- The alleged desecration of Armenian cultural heritage sites by Azerbaijan gives rise to plausible rights under CERD;
- It is established jurisprudence that cultural heritage sites can be subject to a serious risk of irreparable prejudice where such heritage has “been the scene of armed clashes between the parties” and “such clashes may reoccur”;
- There is an urgency “in the sense that there is a real and imminent risk that such prejudice will be caused before the Court makes a final decision in the case.”
- Accordingly, Azerbaijan must “take all necessary measures to prevent and punish acts of vandalism and desecration affecting Armenian cultural heritage, including but not limited to churches and other places of worship, monuments, landmarks, cemeteries and artefacts.”
It is a matter of considerable concern that the Court did not set out its reasons for determining the initial issue from which its conclusions flow: we are effectively left in the dark as to how, and by what means, the Court identifies the desecration of cultural heritage as giving rise to plausible rights under CERD. Is it because cultural desecration driven by racial prejudice is itself an act of ‘racial discrimination’? Or is that the act of desecration causes a kind of indirect harm to individuals who belong to, or identify with, the same overarching culture as the object or site desecrated? It remains unclear, but this degree of ambiguity does not bode well for future decision-making because it risks hollowing out a deliberately restrictive regime.
The Order has nonetheless been hailed as a milestone in the domain of cultural conservation. It is felt in some quarters that it creates a new remedy under CERD for descendant communities seeking to prevent successor states from desecrating their cultural heritage. According to this school of thought, displaced communities may now challenge the destruction or even the re-purposing of their religio-cultural heritage sites post-conflict by pleading racial discrimination under CERD. To some, this comes as a relief given UNESCO’s underperformance in this key arena. But is it really right to construe cultural desecration as ‘racial discrimination’? In his blistering dissent, Judge Yusuf makes clear that it is not. His opposition is built on four pillars:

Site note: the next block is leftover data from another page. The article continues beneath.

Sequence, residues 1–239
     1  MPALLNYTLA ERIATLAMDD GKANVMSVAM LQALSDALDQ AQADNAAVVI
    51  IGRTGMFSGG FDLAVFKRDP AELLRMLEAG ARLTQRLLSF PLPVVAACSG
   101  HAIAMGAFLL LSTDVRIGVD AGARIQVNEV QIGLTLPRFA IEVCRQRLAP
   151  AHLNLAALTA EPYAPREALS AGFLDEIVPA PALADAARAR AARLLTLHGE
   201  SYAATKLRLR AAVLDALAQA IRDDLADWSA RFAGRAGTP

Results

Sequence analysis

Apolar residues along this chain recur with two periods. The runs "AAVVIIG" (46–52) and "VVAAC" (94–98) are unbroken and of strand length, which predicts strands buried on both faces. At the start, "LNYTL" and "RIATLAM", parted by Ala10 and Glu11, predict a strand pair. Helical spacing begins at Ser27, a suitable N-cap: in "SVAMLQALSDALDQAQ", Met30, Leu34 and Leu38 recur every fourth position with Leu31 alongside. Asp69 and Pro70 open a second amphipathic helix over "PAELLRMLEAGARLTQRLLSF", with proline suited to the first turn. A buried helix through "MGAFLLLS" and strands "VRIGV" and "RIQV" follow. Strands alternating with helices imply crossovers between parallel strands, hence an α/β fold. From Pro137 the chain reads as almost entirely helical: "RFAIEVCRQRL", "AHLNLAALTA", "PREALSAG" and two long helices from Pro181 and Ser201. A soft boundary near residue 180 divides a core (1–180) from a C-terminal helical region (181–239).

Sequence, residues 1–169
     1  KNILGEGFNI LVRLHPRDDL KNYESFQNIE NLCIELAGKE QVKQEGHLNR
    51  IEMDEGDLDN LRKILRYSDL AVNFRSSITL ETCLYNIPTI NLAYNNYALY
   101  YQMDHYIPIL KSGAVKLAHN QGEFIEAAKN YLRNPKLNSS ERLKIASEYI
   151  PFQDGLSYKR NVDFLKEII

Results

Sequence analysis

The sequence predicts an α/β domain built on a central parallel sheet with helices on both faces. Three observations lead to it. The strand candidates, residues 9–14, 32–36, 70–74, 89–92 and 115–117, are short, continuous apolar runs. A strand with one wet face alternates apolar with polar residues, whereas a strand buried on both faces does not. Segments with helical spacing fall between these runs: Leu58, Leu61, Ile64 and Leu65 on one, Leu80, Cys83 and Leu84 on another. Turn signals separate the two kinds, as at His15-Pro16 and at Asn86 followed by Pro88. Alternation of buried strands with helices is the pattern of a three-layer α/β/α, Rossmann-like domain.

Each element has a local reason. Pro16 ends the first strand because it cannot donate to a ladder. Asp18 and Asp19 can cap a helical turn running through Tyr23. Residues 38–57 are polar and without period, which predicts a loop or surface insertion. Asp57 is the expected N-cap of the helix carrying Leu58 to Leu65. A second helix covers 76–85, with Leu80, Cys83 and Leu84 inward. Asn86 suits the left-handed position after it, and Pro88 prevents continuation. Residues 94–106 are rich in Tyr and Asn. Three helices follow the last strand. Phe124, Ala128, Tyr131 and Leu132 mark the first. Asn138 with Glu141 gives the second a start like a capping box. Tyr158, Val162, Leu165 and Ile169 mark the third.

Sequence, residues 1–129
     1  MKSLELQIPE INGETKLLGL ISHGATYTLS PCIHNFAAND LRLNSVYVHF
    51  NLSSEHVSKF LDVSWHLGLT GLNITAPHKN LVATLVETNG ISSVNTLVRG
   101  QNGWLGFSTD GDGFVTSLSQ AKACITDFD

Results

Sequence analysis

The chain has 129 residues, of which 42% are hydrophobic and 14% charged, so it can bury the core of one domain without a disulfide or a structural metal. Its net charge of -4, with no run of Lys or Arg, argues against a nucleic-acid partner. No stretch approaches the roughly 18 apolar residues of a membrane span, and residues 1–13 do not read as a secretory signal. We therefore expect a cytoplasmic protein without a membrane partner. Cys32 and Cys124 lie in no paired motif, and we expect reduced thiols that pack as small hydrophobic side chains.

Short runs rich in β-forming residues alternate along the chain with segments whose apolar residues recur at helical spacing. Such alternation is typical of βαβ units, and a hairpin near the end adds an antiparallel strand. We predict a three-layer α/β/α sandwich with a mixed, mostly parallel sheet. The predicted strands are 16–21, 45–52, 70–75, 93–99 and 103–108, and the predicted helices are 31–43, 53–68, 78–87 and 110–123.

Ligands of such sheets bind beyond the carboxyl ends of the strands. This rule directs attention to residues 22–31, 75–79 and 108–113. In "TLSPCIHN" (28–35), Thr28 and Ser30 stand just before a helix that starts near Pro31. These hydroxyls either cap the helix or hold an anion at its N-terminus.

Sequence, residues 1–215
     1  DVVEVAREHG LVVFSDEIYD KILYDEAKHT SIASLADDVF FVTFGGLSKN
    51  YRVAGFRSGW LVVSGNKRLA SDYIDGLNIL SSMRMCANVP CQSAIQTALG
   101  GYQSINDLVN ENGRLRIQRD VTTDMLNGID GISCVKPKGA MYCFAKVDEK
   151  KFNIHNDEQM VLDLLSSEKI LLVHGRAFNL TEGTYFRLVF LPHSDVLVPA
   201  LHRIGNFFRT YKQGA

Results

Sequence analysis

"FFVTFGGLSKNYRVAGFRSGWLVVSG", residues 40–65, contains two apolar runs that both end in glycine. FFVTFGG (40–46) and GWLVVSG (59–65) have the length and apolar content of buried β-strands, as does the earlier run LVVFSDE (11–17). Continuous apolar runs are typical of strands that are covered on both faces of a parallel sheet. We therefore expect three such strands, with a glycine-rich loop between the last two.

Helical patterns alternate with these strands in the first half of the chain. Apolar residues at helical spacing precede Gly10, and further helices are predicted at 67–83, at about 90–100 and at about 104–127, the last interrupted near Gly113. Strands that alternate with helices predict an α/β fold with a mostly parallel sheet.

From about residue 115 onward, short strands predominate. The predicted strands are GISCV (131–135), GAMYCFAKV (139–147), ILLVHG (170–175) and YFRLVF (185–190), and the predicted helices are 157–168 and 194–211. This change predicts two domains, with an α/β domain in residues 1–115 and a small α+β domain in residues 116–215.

- CERD protects the basic rights and fundamental freedoms of human beings. Monuments, buildings, sites and artefacts plainly cannot be racially discriminated against.
- The right to equal participation in cultural activities is not a stand-alone right. For the Article 5 to be engaged, the interference with the right to equal participation in cultural activities must be due to racial discrimination. The Order does not set out how Azerbaijan’s alleged actions amount to racial discrimination.
- Religious discrimination is to be distinguished from racial discrimination. The protection of religious heritage from desecration is the province of international humanitarian law, not CERD.
- The Court’s reliance on its previous jurisprudence in support of the proposition that there can be a risk of irreparable damage to cultural heritage is misplaced. In the Temple case, the Court enjoyed a much wider jurisdictional basis following the parties’ declarations recognising its compulsory jurisdiction, which naturally extended to an authority to consider the applicability of different cultural heritage protection instruments.
Drawing these strands together, Judge Yusuf concludes that the Court was unjustified in indicating provisional measures against Azerbaijan. Armenia’s desire to safeguard its civilizational treasures is important and its allegations warrant judicial determination – but it is erroneous to seek remedies under CEDR. To do so is unprecedented and ‘risks transforming the Convention into a “fourre-tout”; a receptacle in which all sorts of asserted rights may be stuffed.” It is an inexplicable and counter-intuitive decision given the protection extended to cultural heritage in various instruments of international humanitarian law, for example, the Hague Convention for the Protection of Cultural Property in the Event of Armed Conflict of 1954 and its two additional protocols of 1954 and 1999, to which both Armenia and Azerbaijan are incidentally parties.
I agree with the dissent. The Court has not provided its reasons for deeming the desecration of cultural sites ‘racial discrimination’ capable of giving rise to plausible rights under CERD. In the absence of these reasons, it is difficult to contemplate a departure from the ordinary principles of application of CERD. In my view, the Court has contrived plausible rights on receiving preliminary inculpatory evidence of desecration by Azerbaijan. However, to do so without a basis in the provisions of the specific legal instrument in which the claim is grounded is fundamentally misplaced. It is simply an exercise in legal acrobatics and risks legitimising more lopsided decisions in the future.
Fahrid Chishty is a Barrister at Libertas Chambers in London. He practises criminal, regulatory and international law.